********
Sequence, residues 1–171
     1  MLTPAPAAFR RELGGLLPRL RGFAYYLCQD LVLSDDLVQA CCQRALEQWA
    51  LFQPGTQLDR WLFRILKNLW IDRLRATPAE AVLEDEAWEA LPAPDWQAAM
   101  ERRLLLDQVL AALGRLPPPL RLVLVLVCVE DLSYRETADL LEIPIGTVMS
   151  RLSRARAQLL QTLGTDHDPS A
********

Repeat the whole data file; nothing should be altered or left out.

Sequence, residues 1–171
     1  MLTPAPAAFR RELGGLLPRL RGFAYYLCQD LVLSDDLVQA CCQRALEQWA
    51  LFQPGTQLDR WLFRILKNLW IDRLRATPAE AVLEDEAWEA LPAPDWQAAM
   101  ERRLLLDQVL AALGRLPPPL RLVLVLVCVE DLSYRETADL LEIPIGTVMS
   151  RLSRARAQLL QTLGTDHDPS A